THE BUFF ALO BILL STORIES. "Man or ghost, who are you?" sternly said the hennit, and he drew back the string of his bow, while an arrow was set and pointed right down upon the prisoner so rudely taken. I hain't no ghost, Massa Debble, I onl y a poor nigger, dat's all, sah," came in trembling tones. The hermit seemed to feel no fear now of his cap tive, ai1d seeing that Buffalo Bill was returning with the captured horse, he said, sternly: "Take off that hood and let me see who you are!" "Yes, sah-I do it mighty quick, Mass a Debble." "Why do call me the devil?" "Hain' t you him, sah ? "No; I am a man like yourself, only more un-fortunate than yon," was the sad reply. "I misfortunate 'nuff, s a h, an' 'fore de Lord, I thought you was Ole Massa Nick, 'deed I did, sah, for i has heerd o' sich doins in these mountains, I was prepared to see anybody, sah; but who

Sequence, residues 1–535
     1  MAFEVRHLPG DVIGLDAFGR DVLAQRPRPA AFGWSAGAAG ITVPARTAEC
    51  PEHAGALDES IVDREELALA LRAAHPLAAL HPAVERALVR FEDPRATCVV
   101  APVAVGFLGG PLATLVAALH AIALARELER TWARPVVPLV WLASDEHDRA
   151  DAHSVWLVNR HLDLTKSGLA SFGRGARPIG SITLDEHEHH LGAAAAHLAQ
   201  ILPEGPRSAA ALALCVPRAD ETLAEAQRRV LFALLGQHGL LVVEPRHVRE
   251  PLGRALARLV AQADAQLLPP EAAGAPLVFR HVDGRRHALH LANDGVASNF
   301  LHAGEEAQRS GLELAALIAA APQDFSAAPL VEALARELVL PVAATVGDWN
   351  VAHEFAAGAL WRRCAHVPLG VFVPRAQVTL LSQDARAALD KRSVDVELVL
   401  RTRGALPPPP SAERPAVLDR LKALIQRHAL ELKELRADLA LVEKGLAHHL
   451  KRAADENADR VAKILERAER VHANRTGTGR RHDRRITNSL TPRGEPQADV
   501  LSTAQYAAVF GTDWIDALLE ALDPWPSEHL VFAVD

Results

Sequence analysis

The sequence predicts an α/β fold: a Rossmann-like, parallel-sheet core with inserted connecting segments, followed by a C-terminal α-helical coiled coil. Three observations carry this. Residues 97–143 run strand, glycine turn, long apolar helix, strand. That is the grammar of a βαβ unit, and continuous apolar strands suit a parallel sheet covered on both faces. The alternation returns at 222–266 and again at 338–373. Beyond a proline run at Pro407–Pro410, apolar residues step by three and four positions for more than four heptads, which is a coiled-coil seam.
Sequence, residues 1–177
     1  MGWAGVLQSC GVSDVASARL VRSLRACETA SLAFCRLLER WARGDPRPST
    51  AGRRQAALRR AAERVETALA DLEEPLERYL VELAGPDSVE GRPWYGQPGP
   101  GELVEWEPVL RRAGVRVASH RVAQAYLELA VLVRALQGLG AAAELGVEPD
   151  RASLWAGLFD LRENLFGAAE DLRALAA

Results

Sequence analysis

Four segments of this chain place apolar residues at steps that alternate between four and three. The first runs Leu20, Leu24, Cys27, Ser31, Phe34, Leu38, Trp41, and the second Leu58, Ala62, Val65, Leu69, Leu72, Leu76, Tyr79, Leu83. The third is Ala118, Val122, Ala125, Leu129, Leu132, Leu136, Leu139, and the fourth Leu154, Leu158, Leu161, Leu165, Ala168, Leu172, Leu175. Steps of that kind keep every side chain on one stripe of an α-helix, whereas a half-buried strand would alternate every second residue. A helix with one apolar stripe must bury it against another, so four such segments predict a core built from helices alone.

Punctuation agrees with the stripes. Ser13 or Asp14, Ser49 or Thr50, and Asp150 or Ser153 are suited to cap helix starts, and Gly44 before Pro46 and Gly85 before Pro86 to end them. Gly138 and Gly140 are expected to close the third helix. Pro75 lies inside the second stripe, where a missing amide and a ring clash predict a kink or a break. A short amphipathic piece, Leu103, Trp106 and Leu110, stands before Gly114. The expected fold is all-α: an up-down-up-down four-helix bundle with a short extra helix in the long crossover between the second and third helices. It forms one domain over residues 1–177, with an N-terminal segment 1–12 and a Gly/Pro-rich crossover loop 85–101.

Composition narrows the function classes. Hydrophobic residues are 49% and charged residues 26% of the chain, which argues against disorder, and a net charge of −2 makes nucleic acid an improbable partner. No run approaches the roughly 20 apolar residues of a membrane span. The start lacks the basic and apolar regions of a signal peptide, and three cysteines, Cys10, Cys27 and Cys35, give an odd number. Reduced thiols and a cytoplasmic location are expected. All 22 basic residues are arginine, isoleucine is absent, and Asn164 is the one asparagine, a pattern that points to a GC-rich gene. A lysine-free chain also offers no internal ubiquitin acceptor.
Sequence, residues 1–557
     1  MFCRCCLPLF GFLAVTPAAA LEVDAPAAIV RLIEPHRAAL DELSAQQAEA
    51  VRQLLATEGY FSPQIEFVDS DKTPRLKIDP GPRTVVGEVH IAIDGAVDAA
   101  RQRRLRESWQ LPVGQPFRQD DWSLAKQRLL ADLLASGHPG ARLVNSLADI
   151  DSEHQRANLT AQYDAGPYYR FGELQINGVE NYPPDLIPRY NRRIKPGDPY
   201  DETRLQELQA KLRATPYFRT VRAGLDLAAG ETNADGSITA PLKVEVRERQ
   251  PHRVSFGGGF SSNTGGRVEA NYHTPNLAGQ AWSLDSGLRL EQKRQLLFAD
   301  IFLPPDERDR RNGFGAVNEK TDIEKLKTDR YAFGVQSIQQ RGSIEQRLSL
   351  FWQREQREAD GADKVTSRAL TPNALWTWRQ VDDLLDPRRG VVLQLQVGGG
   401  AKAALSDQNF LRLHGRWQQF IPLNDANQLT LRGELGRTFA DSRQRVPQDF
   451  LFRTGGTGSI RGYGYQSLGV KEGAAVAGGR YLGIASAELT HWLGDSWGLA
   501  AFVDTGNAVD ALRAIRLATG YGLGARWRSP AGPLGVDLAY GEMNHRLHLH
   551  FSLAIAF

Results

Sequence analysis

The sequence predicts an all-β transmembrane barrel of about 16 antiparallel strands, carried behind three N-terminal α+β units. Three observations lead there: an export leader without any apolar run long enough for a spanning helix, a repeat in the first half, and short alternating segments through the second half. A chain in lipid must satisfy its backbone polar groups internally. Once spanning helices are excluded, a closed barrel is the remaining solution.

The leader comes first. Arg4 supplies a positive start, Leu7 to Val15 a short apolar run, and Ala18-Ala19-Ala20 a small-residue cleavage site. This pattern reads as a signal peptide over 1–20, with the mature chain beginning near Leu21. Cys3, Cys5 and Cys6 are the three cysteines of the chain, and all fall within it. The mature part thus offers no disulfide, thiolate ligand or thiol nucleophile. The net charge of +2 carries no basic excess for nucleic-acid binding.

. ...... 1"HE BUFF ALO BILL STORIES. 17 and sich; and I didn't like thet much; but then I hed either ter risk ther ghosteses or hangin' fer murder I didn't do, and be tamed inter a ghost myself, and I concluded I'd come. "Then ther idee struck me, Massa Buff'ler Bill, thet perhaps I'd do well playin ghost myself, and I jist goes inter ther buys me a full outfit o' shrouds, or muslin ter make 'em, buys a extra horse, with provisions ammunition, a pick, ax and shovel, and comes into these durned mountains." "Where did you g e t your money?" "I were paid off, sah, afore I Jeff ther fort, you recomembers, and I made a little m ore in ther mines, sah." "Yes, sah." "No treachery." "I hain t no two-faced nigger, Massa Buff'ler." "No, I have always found you a square fellow-brave, and a good. borderman, and a good Indian fighter for you stood by me several times when your men ran off, and it surprised me to think you would kill a poor army settler and rob him," and Bill spoke with mock seriousness "'Fore de Lord, sah, I didn t do it!" "Well, I'll have to take your word for it, so now we 'll lo o k up your camp ." "Yas, sah; btit won.'t de ole gem' man who I tuk fer de d e bble ride my horse, s ah ?" "All right; you came into these mountains to fight And Toby lo o ked at the Hermit the devil with fire. "No, sah, ter dig gold and ter play ghosteses my self, so as ter skeer off t' others." "I see; but when did you get here ? I "Two days ago, sah." "Where is your c amp?" "I goin' thar now sah, for I hed been out on a tramp thi s arteJ